Lawry’s new rib-eye, first addition to menu in more than 20 years
As part of its 75th-anniversary celebration, Lawry’s the Prime Rib is adding a rib-eye steak to the menu. It’s the family-run restaurant’s first new menu item in more than 20 years.
The rib-eyes will be available at the Beverly Hills location Aug. 6 and will roll out at the resturant’s Chicago, Dallas and Las Vegas locations later this summer.
“We saw it as an opportunity to continue our tradition with our prime rib, but finish it another way,” said Richard R. Frank, chief executive of Lawry’s Restaurants Inc. “We don’t make changes to the menu very often and oftentimes when we do, it’s not without a fight.”
The rib-eye steaks follow the same prepping process as the restaurant’s famous prime rib. The meat is aged for 28 days before it reaches the restaurant, then aged an additional three to five days in house. It is then coated with a mixture of Lawry’s seasoning salt and table salt and left to rest overnight.
The meat is slow cooked over a bed of rock salt, cooled overnight and cut into 1¼-inch steaks using a band saw. The steaks are each seasoned with a Montreal seasoning (black pepper, dried garlic, onion, chili flakes, salt and seasoning salt) and grilled on grates at 725 to 750 degrees.
The steaks are basted with equal parts butter and rendered prime rib fat, au jus and Worcestershire sauce, then finished in the oven and rebasted before serving.
“It helps give a braise on the rib-eye and an extra little bump of beefiness,” said Ryan Wilson, the restaurant chain’s executive chef and nephew of Frank, the CEO.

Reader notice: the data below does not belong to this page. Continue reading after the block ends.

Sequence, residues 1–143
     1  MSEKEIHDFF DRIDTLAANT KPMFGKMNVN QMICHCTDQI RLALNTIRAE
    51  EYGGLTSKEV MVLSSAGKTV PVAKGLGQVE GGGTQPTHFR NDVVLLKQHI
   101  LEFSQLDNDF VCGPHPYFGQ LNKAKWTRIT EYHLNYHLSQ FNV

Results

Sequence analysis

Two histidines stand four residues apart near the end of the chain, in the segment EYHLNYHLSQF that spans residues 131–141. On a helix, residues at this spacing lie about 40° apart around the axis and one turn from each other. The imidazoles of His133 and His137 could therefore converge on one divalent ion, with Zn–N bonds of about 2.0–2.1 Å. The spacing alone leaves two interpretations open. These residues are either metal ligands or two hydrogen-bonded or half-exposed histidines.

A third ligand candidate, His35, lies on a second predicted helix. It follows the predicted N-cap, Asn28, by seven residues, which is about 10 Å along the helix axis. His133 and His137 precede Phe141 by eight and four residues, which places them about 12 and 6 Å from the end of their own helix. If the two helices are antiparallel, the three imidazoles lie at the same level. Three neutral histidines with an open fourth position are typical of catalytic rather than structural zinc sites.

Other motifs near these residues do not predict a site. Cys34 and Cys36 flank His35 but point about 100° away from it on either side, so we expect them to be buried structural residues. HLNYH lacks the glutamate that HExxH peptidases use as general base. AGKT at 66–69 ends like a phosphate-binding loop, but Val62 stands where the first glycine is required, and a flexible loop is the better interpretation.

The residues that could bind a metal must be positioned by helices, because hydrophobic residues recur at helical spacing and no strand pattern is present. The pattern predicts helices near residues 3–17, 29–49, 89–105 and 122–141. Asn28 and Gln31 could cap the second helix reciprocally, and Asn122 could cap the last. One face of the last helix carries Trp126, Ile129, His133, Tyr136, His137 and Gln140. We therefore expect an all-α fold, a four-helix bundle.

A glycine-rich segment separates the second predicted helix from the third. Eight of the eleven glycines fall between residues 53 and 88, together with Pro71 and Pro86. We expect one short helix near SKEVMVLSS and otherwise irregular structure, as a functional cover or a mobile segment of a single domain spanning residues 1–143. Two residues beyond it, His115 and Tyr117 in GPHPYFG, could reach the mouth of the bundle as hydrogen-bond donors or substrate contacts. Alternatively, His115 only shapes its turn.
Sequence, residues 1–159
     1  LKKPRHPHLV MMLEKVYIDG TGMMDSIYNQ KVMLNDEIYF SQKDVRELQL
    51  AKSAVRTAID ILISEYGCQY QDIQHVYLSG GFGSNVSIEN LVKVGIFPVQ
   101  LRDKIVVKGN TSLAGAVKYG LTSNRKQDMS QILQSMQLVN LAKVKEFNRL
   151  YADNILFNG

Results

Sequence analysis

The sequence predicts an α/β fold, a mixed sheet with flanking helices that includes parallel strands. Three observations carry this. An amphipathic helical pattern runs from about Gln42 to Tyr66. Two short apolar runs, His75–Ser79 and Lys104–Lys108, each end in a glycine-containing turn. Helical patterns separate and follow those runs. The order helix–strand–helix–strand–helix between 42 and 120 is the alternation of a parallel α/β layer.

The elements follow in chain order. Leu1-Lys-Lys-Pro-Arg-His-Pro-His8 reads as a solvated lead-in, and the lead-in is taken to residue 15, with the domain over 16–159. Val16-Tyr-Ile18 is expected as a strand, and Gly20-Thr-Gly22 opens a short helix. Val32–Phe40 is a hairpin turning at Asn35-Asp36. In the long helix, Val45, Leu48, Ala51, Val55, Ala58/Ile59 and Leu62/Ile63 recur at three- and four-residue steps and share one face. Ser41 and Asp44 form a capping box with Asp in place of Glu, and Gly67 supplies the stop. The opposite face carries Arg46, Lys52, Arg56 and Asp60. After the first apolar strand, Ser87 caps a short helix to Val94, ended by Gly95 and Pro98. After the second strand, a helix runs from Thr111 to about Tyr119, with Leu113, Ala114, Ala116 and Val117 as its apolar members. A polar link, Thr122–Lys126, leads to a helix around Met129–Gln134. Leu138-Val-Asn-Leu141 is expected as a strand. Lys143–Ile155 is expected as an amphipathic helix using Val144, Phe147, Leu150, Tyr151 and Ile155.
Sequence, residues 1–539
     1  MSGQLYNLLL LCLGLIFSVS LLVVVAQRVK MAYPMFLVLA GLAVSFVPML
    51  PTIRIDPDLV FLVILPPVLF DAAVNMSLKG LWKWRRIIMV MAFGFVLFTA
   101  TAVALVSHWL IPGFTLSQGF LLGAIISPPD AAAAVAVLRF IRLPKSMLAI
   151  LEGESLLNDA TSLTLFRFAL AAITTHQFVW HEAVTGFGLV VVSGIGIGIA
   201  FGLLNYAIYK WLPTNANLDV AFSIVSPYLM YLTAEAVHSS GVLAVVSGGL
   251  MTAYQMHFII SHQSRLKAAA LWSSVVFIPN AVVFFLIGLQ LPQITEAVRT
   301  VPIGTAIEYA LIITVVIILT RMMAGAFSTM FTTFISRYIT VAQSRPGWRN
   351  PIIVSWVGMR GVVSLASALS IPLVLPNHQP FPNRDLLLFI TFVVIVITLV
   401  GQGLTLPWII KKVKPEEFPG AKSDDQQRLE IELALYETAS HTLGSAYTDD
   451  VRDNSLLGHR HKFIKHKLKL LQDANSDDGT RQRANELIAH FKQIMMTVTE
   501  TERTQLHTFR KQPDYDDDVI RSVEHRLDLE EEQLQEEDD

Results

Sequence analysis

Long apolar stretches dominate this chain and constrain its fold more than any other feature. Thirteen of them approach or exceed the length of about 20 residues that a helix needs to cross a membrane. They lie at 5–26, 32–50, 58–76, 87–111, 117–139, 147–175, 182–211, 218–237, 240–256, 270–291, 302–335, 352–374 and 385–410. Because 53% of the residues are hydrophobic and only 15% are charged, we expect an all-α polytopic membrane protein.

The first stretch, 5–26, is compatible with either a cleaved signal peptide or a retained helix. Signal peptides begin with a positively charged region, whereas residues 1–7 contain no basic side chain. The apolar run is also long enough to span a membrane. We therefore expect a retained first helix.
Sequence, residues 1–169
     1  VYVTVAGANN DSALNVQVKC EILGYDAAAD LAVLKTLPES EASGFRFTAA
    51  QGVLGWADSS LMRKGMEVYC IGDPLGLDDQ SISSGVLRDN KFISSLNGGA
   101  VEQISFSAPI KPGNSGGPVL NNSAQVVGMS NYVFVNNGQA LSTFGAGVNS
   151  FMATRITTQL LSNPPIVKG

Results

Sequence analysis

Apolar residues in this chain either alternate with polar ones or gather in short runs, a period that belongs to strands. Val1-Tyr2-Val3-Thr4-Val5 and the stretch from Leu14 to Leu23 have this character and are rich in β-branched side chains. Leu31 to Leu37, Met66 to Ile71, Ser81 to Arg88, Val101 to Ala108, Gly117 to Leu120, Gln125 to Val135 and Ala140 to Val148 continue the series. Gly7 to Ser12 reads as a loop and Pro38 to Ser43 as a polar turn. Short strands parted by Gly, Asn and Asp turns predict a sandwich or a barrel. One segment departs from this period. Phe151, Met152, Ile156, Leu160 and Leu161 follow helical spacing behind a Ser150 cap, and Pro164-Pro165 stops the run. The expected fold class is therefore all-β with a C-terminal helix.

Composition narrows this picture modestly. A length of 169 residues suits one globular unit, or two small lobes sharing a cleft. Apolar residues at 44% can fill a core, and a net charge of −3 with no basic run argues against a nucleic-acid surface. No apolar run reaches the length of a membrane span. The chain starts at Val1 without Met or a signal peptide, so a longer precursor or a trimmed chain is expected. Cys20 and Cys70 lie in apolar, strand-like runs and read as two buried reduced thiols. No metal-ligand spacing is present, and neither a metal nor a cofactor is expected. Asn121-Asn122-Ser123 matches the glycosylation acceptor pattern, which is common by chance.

The item will be served either as a 24-ounce bone-in or 12-ounce boneless steak, along with the famous spinning bowl salad, creamy scallop potatoes and crispy fried onions.
The restaurant has been hesitant to add new items, operating under the motto that if it ain’t broke, don’t fix it.
Among the rare additions to the menu in recent decades, Frank’s father added crumbled bacon to the baked potato more than 30 years ago. Frank helped add sour cream to the baked potato a couple years later, despite his grandfather’s protests.
Fresh seafood was the last addition to make the menu more than 20 years ago.
“Change has come slowly on our menu and frankly, my view has always been that if the basic meal is as popular as ever, why change?” said Frank.
Lawry’s also celebrated its 75th anniversary earlier this year by offering guests its traditional prime rib dinner for the original price of $1.25.
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